Motor SportOctober 1932
THE B.R.D.C.'s 500 MILES RACE
R. T. HORTON AND J. H. BARTLETT (M.G.) WIN FINEST BROOKLANDS RACE FOR MANY YEARS AT 96.29 m.p.h.
RILEY SECOND AND TALBOT THIRD.
RACE MARRED BY FATAL ACCIDENT TO CLIVE DUNFEE.
A general view at the Fork showing the grandstands and pits. G. E. T. Eyston (M.G. Midget) is in the foreground.
ONCE again the 500 Miles Race, organised by the British Racing Drivers' Club, has proved to be the most interesting and keenly contested race of the year on Brooklands Track. Favoured by a fine day, the race attracted a big crowd, who were provided with the spectacle of 34 cars, nearly all capable of over 100 m.ph., fighting a long and chequered battle for victory—indeed we can safely say that we have never seen such large groups of fast cars on the track before.
Unhappily, the day was marred by a fatal accident to Clive Dunfee, on the 8-litre Bentley entered for the race by Woolf Barnato. Clive Dunfee was a popular member a few years ago of the victorious Bentley team at Le Mans and at Brooklands and his death will be deeply regretted by his many friends in the motoring world. Our readers will join us in offering our sincere sympathy to his wife and relatives.
A group of cars approaching the Home Banking in close formation.
A. O. Saunders-Davies (Talbot), J. Dunfee (Bentley) and H. G. Dobbs (Riley).
For a whole week before the race practicing was carried on in full swing by many of the competitors, among the first arrivals being Count Czaikowski on his 2-litre Bugatti. It was hoped that two Alfa Romeos would start for the race, with Nuvolari and Borzacchini as drivers, but unfortunately a hitch occurred in the arrangements, and the cars were non-starters, leaving Count Czaikowski the sole foreign representative. One accident happened in practice, the Invicta entered by Dudley Froy crashing badly in the hands of R. S. S. Hebeler, who was fortunately only slightly injured.
After a steady downpour all day on Friday, the weather cleared up on Saturday morning, and although the sky was still overcast when the 750 c.c. unblown cars were sent away at 11 o'clock, there was every indication that the rain would keep off for the rest of the day. The only non-starter in this class was the M.G. entered by J. R. Jeffress, which was not ready in time for the race. This left five
cars on the line, of which four were M.G.'s, the remaining car being the extraordinary little Austin entered by V. W. Derrington. At the end of the 1st lap the order was, N. Black, G. Wright, S. W. B. Hailwood and G. Balmain, on J. G. C. Low's car, all on M.G.'s, while the little Austin came trundling along in the rear. This order was not greatly altered for some time, although Low succeeded in passing Hailwood.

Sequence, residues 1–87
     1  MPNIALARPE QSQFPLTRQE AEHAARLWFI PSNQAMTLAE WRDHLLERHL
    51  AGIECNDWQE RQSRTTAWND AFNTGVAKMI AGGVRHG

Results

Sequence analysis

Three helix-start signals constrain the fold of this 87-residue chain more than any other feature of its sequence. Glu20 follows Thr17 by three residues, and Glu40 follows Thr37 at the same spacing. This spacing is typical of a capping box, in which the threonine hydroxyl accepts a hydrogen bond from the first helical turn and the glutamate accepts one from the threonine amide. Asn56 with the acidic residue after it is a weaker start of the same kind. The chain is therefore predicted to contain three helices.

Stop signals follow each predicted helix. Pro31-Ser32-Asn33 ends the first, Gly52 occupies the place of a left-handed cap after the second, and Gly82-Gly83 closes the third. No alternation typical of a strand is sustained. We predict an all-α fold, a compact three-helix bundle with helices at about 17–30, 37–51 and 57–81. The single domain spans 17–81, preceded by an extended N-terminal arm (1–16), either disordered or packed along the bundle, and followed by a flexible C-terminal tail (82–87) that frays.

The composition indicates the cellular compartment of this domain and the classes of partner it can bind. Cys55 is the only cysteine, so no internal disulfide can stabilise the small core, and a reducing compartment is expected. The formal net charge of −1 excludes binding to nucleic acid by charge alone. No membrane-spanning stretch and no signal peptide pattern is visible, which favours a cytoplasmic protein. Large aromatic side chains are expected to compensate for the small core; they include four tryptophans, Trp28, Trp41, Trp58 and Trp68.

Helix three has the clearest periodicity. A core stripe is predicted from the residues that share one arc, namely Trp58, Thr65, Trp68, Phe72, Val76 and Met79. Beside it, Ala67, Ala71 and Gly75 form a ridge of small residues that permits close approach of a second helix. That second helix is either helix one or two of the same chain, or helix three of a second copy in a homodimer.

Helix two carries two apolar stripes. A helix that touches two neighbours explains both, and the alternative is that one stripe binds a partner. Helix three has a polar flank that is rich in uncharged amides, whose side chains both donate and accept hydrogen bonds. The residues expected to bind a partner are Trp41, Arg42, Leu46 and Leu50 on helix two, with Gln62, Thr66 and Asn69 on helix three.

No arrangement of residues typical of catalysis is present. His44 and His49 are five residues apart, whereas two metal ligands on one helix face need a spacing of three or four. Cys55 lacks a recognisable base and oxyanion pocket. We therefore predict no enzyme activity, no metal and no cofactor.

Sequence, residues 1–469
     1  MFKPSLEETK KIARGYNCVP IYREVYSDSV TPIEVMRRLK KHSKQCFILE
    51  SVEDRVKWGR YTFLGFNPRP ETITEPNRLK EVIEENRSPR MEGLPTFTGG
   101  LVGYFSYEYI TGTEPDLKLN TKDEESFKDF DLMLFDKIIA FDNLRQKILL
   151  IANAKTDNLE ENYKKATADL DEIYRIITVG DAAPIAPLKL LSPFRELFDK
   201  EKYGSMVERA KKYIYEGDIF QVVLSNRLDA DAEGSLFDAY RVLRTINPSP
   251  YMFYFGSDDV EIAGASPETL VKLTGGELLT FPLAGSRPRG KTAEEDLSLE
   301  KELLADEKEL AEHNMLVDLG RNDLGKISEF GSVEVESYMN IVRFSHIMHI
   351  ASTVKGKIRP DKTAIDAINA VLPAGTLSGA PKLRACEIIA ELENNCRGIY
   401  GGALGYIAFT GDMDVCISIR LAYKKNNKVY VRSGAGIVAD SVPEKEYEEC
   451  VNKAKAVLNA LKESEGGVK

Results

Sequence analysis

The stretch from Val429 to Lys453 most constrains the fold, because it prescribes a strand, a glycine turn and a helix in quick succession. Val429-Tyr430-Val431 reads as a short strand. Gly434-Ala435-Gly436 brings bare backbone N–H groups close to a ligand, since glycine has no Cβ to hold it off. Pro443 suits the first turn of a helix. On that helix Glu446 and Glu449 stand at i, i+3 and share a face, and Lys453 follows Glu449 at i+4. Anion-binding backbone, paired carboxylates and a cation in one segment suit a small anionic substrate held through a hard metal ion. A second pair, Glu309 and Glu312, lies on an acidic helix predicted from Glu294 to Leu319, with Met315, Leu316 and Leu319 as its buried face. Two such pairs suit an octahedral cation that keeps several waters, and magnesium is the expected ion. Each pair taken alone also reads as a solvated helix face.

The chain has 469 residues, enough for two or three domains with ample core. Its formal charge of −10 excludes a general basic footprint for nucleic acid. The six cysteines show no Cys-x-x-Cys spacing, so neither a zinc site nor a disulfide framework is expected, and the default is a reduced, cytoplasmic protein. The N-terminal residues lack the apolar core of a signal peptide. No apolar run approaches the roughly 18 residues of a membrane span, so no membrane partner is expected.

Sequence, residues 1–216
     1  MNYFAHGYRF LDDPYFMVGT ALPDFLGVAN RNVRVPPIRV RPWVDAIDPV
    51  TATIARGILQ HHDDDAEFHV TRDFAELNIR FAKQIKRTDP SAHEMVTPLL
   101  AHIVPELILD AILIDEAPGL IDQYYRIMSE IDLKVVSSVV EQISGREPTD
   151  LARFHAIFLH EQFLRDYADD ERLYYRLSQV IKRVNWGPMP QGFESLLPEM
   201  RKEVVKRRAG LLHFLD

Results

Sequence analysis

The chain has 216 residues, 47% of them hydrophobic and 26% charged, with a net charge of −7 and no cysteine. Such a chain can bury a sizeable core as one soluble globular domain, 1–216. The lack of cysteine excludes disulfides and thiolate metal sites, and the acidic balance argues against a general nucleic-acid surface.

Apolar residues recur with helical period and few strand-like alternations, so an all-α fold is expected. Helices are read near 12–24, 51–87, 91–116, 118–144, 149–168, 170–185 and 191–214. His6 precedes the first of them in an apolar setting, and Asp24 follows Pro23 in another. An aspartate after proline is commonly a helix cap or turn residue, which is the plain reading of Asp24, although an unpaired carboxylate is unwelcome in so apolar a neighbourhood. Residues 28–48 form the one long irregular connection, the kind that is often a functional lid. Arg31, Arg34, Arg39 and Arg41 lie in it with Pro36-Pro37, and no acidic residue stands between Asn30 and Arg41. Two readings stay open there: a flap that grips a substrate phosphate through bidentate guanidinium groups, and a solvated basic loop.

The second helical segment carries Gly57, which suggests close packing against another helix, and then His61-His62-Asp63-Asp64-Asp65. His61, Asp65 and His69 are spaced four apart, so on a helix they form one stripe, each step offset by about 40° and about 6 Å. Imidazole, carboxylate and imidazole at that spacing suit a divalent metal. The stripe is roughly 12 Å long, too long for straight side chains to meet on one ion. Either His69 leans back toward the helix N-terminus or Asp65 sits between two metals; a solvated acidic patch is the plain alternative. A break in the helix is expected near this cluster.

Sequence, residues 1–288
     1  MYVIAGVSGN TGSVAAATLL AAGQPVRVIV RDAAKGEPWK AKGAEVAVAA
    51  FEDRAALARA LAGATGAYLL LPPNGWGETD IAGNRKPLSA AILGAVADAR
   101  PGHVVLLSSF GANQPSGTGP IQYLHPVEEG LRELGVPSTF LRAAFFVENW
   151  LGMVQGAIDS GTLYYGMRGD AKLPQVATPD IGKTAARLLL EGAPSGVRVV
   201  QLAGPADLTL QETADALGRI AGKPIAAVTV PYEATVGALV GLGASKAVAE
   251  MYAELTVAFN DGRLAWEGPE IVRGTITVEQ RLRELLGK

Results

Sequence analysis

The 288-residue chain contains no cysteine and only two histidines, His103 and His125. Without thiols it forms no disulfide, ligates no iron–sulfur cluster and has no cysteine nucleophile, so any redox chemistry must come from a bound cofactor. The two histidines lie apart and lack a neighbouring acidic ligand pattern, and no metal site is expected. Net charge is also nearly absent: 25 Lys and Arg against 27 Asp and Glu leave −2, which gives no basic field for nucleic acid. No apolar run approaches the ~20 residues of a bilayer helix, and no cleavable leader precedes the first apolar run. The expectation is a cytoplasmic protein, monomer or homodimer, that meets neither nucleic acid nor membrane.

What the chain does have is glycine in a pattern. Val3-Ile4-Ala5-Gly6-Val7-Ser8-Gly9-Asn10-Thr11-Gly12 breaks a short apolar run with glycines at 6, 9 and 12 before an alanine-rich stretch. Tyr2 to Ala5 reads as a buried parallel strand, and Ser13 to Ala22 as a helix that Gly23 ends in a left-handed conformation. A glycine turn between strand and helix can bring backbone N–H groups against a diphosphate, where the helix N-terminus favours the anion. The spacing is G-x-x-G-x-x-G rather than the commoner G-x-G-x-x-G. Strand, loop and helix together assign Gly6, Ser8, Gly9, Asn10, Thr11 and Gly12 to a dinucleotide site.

Half an hour later, the field was enlarged by the start of the "blown" 750's, and immediately the pace grew hot. There were 5 Midgets against 3 Austins, Willis's "beetle" Austin being a non starter. Everyone anticipated a great scrap between the two single seater M.G.'s, driven by G. E. T. Eyston and R. T. Horton, and at the end of the 1st lap, Horton led, followed by J. D. Barnes (Austin), D. G. Evans (M.G.), L. P. Driscoll (Austin), G. Duller (Austin), G. E. T. Eyston (M.G.), E. R. Hall (M.G.) and D. N. Letts (M.G.). So it was going to be a real M.G.—Austin tussle, with both makes in great form. Incidentally, it was good to see George Duller at the Track again— perhaps it is a sign that he will compete regularly once more next season.
An unusual breakage. The weight of the 30 gallon tank on T. E. Rose-Richard's Talbot caused a fracture
in the chassis frame and an auxiliary tank had to be substituted.
Then the unblown 1,100's, all Rileys, were given the word "Go," and 8 more cars were added to the number of cars whining their way round the Track. At the end of lap 1, the order was C. S. Staniland, C. R. Whitcroft, "J. Phillip," F. W. ("Freddie") Dixon, A. F. Ashby, W. A. Cuthbert, C. G. M. Boote and H. G. Dobbs. Then came sensation, for on the next lap the car entered by A. G. Miller, and driven by "J. Phillip," came into his pit suffering from some trouble with his spare oil tank, which was taken out. Other early pit visitors were Dobbs, who changed his plugs and E. R. Hall (M.G.), who cut away some of his radiator cowling in order to cure a mysterious boiling defect, and Boote, who came in after a quarter of an hour badly overheating.
The blown 1,100's were started with
the unblown 1½ litres, the only absentee being R. J. Munday (Thomas Special). First round was W. E. Humphreys on Widengren's Amilcar, the one-time property of Miss Maconachie, while Outlaw's 4-cylinder Maserati could not be persuaded to start, and was left on the line.
The next starter was Count Czaikowski, the sole entry in Class E, and he quickly set up a great pace, driving with great confidence, and having told his pit staff that he hoped to drive throughout the race single handed. Ten seconds later the 4 Talbots left and the track became fuller than ever.
The pits were still busy, attending to the wants of E. R. Hall and Bootes' Riley, while the little Austin driven by Derrington came in for more oil. Then the hooters' burst forth once more; a marshal carrying a large blue flag stepped out into the Track to warn cars coming into the pits that a car was about to start; "Ebby" dropped his red flag—and Earl Howe's green Bugatti, decorated with plaques from the German Grand Prix and the Klausen Hill Climb, leapt forward to join the fray. Finally the veteran Bentley, now fitted with an 8-litre engine and a neat grey body, set off in pursuit, with Jack Dunfee at the wheel.
The track now presented a magnificent sight, bunch after bunch of cars coming by in tight formation, and it became apparent that those who were present would witness a really classic race. The pace was terrific, and caused many of the weaker competitors to call frequently at the pits. Freddie Dixon came in with shock absorber trouble on his Riley, and after having removed the tail of the car discovered that the rear brackets had all broken, and so retired. Eccles' Maserati was suffering from various troubles, including a broken petrol pressure pump, and made several stops. The Aston Martin, driven by G. Manby-Colegrave was going badly, chiefly because of a steadily dropping oil-pressure, and after several stoppages, retired at 12.40 with a
cracked sump. Then Ashby's Riley, that long, low, orange "flat iron," with four carburettors, two on each side, came into the pits, missing badly, and after fitting new plug leads, resumed its normal pace, only to stop a few laps later with plug trouble.